I worry that John Edwards is going to look like he's a bit too hungry for the presidency if he continues his campaign. He already has to be careful not to feed into the "ambulance-chasing lawyer" caricature that has gained a bit of traction. Continuing to campaign in earnest while his wife is sick may make him seem a bit too opportunistic.

Who is the biggest loser here, aside from the Edwards family? It's Tom Vilsack. Edwards has consistently been leading the polls in Iowa, or at the very least, he has been running stronger there than he has been nationally. Tom Vilsack needed a strong showing in Iowa to be considered viable, but he couldn't do it and ended up dropping out. This is largely due to Edwards. Had Vilsack stuck around, I think he could have scooped up a lot of Edwards supporters because Edwards and Vilsack both appeal to the populist wing of the Democratic Party. Surely Vilsack is kicking himself now.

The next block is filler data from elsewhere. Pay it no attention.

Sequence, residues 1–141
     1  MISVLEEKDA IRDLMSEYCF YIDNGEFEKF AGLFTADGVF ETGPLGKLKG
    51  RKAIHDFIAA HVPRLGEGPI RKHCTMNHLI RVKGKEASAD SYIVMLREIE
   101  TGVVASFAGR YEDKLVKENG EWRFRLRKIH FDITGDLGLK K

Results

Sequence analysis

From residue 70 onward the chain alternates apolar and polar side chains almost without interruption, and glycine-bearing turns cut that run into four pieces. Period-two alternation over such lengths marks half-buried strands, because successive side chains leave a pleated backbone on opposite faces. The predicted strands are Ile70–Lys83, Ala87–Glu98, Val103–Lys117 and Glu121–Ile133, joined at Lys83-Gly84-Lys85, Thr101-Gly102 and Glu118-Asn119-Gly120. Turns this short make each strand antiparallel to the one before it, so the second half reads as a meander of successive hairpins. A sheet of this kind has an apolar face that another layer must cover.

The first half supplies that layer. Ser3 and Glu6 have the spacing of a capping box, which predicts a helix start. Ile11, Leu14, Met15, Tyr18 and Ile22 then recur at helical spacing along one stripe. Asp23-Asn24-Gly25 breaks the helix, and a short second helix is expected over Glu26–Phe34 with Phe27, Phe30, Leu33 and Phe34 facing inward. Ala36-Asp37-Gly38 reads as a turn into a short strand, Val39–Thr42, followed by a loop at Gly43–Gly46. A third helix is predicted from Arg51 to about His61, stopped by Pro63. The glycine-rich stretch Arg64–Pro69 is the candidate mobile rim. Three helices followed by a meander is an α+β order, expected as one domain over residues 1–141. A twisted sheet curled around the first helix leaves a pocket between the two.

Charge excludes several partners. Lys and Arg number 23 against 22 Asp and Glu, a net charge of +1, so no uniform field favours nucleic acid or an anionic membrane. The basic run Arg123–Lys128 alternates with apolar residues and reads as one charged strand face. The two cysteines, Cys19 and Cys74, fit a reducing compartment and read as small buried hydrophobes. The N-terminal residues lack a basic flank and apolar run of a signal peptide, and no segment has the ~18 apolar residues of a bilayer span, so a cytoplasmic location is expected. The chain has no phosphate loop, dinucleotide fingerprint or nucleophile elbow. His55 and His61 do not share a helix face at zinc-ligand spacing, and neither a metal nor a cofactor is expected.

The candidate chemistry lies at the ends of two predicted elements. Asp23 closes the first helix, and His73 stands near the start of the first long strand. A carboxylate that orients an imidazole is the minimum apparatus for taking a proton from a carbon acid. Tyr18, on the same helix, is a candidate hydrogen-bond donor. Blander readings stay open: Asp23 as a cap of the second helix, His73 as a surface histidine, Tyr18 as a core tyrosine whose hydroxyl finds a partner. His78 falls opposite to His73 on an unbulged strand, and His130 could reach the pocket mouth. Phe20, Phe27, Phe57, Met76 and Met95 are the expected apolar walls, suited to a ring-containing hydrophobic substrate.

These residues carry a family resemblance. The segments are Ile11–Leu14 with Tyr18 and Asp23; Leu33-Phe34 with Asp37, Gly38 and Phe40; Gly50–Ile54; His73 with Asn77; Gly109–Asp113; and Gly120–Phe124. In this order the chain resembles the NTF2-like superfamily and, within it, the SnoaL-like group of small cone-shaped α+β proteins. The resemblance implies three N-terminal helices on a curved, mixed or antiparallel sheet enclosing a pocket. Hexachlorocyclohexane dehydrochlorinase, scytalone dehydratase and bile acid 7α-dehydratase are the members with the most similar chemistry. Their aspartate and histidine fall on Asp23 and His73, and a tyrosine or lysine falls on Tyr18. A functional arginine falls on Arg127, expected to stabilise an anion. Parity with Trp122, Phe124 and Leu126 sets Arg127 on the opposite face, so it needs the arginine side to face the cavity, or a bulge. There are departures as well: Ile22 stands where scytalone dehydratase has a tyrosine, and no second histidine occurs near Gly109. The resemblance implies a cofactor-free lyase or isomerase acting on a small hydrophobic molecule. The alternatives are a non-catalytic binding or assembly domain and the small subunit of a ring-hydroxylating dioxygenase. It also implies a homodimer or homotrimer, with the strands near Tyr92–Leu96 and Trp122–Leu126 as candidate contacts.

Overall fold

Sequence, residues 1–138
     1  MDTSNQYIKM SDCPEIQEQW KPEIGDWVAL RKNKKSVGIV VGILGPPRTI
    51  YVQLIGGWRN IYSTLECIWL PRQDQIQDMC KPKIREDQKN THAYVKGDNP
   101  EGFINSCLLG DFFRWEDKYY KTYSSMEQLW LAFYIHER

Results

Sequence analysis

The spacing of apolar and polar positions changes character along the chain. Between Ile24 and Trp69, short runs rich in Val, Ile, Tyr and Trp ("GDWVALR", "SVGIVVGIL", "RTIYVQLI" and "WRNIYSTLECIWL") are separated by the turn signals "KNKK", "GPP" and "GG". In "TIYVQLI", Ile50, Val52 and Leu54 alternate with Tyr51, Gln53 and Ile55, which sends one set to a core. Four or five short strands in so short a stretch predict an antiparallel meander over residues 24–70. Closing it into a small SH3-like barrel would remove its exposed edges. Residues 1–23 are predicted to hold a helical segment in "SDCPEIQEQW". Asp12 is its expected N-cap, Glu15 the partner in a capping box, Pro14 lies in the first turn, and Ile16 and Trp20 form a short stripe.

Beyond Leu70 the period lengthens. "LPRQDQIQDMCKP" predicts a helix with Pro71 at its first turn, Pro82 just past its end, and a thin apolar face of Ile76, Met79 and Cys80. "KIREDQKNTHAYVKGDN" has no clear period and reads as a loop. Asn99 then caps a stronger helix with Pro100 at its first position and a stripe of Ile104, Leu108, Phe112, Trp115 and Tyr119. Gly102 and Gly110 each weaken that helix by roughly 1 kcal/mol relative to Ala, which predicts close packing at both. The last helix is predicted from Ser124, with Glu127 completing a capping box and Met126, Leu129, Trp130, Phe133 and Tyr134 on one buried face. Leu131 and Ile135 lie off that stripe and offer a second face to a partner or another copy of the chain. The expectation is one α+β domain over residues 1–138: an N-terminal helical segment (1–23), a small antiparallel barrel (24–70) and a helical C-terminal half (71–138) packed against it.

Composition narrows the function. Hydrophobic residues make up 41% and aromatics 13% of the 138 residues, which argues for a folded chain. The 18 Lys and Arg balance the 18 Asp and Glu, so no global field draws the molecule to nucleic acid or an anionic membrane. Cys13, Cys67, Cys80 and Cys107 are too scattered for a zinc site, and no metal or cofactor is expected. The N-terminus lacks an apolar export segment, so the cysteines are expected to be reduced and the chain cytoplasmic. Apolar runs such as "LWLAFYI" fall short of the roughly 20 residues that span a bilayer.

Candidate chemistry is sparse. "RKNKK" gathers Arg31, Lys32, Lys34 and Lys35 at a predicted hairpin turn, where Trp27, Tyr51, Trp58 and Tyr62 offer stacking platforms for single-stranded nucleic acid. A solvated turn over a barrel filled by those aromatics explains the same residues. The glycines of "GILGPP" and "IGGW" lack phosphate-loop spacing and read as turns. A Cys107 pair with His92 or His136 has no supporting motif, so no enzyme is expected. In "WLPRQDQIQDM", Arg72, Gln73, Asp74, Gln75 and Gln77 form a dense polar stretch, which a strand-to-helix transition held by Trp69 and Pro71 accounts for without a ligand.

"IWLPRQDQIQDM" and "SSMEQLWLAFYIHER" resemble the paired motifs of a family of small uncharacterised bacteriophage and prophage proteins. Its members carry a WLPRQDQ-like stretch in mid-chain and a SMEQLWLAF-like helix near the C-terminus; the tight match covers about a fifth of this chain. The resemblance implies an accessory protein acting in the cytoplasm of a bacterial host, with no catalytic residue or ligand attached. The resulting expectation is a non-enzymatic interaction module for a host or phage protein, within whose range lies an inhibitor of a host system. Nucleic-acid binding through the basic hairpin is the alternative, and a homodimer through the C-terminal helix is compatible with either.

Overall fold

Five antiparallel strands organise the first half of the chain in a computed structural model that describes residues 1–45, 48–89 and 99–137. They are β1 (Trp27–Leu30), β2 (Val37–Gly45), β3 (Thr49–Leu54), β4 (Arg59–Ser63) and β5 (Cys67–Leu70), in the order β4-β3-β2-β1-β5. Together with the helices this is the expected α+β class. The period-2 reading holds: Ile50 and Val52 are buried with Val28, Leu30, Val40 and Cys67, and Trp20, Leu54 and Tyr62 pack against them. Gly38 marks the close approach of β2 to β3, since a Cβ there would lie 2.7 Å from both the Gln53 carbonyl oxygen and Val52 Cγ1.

Another indirect casualty of this may be John McCain, who has also suffered from health-related problems. Because of the physical rigors of being POTUS (President of the United States), a candidate's health and vigor are subtle undercurrents that people take into consideration when casting their votes. Do you remember James Stockdale, Ross Perot's vice presidential running mate in the 1992 campaign? How do you think he came across when he asked a debate moderator to repeat a question because "he didn't have his hearing aid on?" I think that was one of the major turning points in Perot's campaign because people began to think that they just didn't look like presidential material. McCain should worry about becoming collateral damage for this very reason.